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NOTES OP LECTURES.
IRISH REVIVALS.-No. IV.
as it is, there will always be objections to
everything good; and the more glorious the BY TIE REV, NASON BROWN, LEEDS.
work, the more serious sometimes will be the opposition to it.
But what weight is to be attached to the LIKE every other great and good move
objections urged against the Revival in ment, the work of God, referred to in the Ireland? Objection 1st. It is a work of previous papers, has had to enc nter
the devil, a device of Satan! Will any sane much opposition.
Objections of various man believe it? How unlike it is to his kinds have been raised against it with the usual way of working! Is it the work of view of destroying its gracious influence. Satan to excite anxiety about the soul's This is no new thing in connection with salvation, to bring men to their knees, to the work of God's Spirit. When the Spirit travel miles to hear God's word, to attend
crowd prayer-meetings, to induce them to was poured out in such abundance on the day of Pentecost, the same temper was communions? Is it the work of Satan to manifested by many who witnessed its close public-houses, and to convert them effects. When the matter was noised into temples for prayer ; to keep men from abroad, the multitude were confounded the race-course, the cockpit ; to restrain and surprised at what they saw and heard. them from blasphemy, cursing, swearing, They were amazed and marvelled; and &o., &c.? Can the devil have anything to while some doubted, others mocked. The do in such matters as these? If Satan work, however, went on, and the fruits thus cast out Satan, how can his kingdom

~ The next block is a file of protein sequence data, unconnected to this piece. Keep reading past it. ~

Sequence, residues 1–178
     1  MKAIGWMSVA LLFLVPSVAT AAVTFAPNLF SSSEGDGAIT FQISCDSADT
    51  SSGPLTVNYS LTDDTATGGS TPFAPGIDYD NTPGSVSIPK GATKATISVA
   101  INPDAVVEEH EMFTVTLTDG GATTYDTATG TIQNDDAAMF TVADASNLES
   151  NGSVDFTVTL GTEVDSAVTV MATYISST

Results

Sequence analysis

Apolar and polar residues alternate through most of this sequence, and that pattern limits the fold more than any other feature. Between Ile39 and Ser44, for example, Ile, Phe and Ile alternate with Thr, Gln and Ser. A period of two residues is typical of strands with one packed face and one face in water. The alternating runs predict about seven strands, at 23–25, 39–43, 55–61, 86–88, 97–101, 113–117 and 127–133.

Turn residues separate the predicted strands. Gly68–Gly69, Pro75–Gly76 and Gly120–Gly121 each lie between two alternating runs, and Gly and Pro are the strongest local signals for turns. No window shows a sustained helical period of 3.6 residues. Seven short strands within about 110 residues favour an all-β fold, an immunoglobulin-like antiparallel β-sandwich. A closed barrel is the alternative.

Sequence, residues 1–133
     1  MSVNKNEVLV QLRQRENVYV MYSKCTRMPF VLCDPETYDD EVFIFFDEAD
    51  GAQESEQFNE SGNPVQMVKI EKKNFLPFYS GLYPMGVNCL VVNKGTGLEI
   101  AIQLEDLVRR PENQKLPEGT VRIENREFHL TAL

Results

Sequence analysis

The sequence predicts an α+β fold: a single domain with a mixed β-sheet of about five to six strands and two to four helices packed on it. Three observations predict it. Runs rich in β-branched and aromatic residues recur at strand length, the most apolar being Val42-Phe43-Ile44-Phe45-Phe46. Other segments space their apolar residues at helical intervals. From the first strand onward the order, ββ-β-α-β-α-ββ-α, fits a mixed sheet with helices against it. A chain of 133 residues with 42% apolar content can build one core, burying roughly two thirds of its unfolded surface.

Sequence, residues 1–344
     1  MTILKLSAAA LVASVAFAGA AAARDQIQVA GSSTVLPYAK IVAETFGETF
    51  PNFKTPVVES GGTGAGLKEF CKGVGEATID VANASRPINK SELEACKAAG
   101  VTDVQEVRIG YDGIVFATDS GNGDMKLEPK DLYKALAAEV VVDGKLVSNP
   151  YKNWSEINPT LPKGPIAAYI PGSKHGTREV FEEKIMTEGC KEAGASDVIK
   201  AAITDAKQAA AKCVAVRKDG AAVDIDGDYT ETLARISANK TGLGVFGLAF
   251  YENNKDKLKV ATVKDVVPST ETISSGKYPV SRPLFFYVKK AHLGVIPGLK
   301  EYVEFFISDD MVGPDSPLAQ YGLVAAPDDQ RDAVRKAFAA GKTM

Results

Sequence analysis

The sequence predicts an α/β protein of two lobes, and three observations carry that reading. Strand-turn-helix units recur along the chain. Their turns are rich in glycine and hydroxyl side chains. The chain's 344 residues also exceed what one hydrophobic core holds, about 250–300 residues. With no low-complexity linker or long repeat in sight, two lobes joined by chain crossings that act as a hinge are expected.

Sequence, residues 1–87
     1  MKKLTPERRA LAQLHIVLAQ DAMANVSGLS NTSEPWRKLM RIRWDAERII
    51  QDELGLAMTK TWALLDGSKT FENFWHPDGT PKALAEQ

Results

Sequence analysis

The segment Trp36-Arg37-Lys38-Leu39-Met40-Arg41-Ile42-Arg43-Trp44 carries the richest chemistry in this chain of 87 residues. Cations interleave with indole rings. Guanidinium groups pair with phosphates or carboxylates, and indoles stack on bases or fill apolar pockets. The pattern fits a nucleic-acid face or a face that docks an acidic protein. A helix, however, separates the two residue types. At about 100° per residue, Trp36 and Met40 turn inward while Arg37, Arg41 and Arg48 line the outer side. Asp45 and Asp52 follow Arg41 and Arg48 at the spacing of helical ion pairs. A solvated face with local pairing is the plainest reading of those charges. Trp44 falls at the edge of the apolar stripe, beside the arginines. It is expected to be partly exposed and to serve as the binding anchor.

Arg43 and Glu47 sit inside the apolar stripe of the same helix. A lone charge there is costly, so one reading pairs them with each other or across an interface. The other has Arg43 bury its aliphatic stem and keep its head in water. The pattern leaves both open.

stand? soon told the origin of the work then, as it
No. It is no work of Satan. is doing now. The facts are patent and Satan cannot work for God; and, thereconvincing, let men say what they will.
fore, knowing that these Revivals operate Objections. We would be surprised against his interests, he has employed his if there were no objections. We are ac- servants to cast discredit upon the movecustomed to look for them in such a work. ment. They have failed, however ; the What movement of any importance has
'Spirit of the Lord” has lifted up his not had its objections ? There were, and
“standard against them," and its enemies, still are, objections to the emancipation of vanquished, have to a great extent quit the slaves; but does this prove that a law of field. liberty is not just and right-a law declar